: Redheart, described and defined
"Redheart" is just another name for... 1998.
by Professor Gene Wengert
My wife has a small business designing, making, and selling jigsaw puzzles made from a variety of hard woods. One of her most popular woods is called Redheart at the hardwood lumber dealers. We have been unable to learn anything about this wood (where it comes from, etc.). Can you give me a reference or two where I am most likely to be able to find out the information I am looking for?
Redheart is a term used for the heartwood of hickory. (It is always possible that the suppliers have a foreign wood that they have renamed.) If it is hickory, then it will be quite hard. You can always send me a sample (about the size of a cigarette package) for positive identification--no cost.
Professor Gene Wengert is Extension Specialist in Wood Processing at the Department of Forestry, University of Wisconsin-Madison.
Click on Wood Doctor Archives to peruse past answers.
If you would like to obtain a copy of "The Wood Doctor's Rx", visit the Wood Education and Resource Center Web site for more information.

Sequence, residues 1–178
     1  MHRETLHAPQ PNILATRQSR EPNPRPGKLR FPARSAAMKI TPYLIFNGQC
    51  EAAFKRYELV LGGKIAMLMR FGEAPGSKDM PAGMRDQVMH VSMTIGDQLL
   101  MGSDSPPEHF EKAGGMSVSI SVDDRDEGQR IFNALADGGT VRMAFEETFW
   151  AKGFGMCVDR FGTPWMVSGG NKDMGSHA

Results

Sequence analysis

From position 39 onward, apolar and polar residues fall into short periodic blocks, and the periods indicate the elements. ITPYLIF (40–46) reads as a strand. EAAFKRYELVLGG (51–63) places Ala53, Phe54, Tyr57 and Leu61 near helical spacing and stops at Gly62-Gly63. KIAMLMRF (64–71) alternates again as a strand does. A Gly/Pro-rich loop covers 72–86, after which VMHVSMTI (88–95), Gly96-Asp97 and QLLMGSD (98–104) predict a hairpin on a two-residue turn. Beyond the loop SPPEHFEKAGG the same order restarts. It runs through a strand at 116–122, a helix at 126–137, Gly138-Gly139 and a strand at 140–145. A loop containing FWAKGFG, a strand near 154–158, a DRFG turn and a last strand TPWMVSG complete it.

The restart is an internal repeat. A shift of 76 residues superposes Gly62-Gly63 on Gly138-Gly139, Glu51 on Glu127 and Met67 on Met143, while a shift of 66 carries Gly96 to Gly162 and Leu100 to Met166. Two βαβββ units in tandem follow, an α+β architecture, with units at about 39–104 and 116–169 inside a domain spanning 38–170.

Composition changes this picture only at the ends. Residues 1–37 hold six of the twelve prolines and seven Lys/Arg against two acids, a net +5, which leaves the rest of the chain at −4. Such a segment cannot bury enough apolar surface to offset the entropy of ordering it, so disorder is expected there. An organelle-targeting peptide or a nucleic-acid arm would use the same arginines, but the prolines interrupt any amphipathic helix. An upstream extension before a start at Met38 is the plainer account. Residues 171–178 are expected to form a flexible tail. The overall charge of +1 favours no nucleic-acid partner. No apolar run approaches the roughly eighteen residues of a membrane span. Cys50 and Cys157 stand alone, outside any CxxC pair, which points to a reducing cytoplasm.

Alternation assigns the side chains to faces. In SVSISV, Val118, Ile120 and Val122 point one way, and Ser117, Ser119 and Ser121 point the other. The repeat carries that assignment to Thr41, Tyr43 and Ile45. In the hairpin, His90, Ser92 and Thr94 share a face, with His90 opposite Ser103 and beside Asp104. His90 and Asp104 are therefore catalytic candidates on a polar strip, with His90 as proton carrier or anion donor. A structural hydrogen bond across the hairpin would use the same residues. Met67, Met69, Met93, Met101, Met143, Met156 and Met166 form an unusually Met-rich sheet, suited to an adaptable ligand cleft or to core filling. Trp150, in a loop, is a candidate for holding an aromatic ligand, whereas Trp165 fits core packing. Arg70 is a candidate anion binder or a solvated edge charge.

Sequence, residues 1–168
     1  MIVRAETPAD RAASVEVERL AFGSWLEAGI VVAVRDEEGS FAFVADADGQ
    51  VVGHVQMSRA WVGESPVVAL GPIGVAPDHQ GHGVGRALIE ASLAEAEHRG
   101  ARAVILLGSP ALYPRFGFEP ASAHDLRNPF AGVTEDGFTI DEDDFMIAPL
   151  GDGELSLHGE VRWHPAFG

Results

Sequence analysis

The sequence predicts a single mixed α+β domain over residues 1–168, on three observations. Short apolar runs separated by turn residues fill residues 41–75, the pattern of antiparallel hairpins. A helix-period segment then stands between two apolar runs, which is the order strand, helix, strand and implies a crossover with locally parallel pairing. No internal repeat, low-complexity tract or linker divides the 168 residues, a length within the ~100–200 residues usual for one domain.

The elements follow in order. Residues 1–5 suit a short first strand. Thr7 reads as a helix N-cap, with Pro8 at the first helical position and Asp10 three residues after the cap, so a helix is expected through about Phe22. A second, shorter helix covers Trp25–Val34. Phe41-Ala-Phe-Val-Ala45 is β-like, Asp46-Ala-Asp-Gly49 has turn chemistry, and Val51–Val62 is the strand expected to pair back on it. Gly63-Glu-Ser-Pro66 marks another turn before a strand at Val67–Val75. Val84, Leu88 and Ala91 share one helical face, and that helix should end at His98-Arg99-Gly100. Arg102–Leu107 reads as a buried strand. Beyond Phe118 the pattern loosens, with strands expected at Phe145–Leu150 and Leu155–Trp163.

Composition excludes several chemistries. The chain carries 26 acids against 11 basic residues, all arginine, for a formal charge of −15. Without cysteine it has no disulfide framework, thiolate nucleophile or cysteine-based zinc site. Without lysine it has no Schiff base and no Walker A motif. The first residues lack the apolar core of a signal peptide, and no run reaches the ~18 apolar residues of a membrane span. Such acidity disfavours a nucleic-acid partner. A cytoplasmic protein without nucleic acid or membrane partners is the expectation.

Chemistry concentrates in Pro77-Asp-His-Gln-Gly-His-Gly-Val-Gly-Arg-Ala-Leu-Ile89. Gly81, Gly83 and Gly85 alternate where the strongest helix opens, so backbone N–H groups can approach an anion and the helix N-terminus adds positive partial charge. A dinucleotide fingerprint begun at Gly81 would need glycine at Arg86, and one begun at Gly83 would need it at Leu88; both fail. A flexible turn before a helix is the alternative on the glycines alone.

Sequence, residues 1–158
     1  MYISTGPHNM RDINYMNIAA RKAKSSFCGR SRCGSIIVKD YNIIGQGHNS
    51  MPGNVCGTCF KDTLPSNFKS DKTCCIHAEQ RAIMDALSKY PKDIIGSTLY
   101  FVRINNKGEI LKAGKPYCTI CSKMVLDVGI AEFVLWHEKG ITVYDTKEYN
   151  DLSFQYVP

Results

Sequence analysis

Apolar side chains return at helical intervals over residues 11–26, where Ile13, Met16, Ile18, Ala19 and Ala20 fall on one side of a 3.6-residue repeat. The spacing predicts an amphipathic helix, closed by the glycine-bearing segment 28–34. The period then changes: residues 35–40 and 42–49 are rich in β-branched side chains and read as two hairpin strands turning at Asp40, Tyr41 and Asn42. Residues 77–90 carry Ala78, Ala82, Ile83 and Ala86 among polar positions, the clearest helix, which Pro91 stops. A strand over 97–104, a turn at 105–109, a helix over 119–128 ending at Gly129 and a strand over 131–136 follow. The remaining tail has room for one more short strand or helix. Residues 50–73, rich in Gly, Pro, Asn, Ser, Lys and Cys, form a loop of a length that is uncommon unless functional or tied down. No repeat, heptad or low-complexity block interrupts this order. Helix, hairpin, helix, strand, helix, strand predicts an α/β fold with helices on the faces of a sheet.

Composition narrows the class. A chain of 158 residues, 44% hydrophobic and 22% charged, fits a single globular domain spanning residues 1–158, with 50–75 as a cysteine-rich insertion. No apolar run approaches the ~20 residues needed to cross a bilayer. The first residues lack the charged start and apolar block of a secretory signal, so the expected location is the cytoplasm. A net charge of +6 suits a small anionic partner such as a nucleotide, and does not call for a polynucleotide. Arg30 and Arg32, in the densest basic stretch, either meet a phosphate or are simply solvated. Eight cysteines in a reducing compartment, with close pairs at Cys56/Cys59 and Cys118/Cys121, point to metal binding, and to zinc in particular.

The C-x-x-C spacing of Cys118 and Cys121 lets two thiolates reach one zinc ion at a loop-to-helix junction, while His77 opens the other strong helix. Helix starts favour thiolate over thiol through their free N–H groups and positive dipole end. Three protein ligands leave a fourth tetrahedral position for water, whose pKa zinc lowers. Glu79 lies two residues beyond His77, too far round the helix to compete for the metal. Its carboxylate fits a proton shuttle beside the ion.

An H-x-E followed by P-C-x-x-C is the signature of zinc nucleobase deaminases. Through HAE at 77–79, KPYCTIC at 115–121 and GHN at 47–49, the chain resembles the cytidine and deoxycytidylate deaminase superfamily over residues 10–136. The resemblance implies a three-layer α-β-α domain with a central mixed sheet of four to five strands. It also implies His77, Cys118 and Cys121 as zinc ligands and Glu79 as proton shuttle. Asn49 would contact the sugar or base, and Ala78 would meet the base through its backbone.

The comments below were added after this Forum discussion was archived as a Knowledge Base article (add your comment).
Comment from contributor N:
I am sure that Professor Wengert's description for redheart is correct in areas of the US where the particular type of hickory he is describing is abundant, but I think the redheart wood that is used in the puzzles you are speaking of is most likely the same redheart that I am familiar with. Redheart is native to Central America with the botanical name Erythroxylon spp. In its finished form, as you are familiar with, it is naturally pale to dark red wood, which will deepen in color and turn more of a brown with age, depending on how it is finished and how much exposure it gets. When Redheart is freshly cut, it is a bright red color that darkens with exposure. The wood has a medium density and is not as hard as hickory, although it is quite hard with a straight and tight grain, so it finishes very nicely. Redheart's main downside to woodworkers is its tendency to burn easily.
Would you like to add information to this article?
Interested in writing or submitting an article?
Have a question about this article?
Have you reviewed the related Knowledge Base areas below?
KnowledgeBase: Lumber & Plywood: Wood Identification
KnowledgeBase: Wood Engineering: Wood Properties
KnowledgeBase: Knowledge Base
All rights reserved. No part of this publication may be reproduced in
any manner without permission of the Editor.
Review WOODWEB's Copyright Policy.
The editors, writers, and staff at WOODWEB try to promote safe practices.
What is safe for one woodworker under certain conditions may not be safe
for others in different circumstances. Readers should undertake the use
of materials and methods discussed at WOODWEB after considerate evaluation,
and at their own risk.
335 Bedell Road
Montrose, PA 18801
Copyright © 1996-2013 - WOODWEB ® Inc.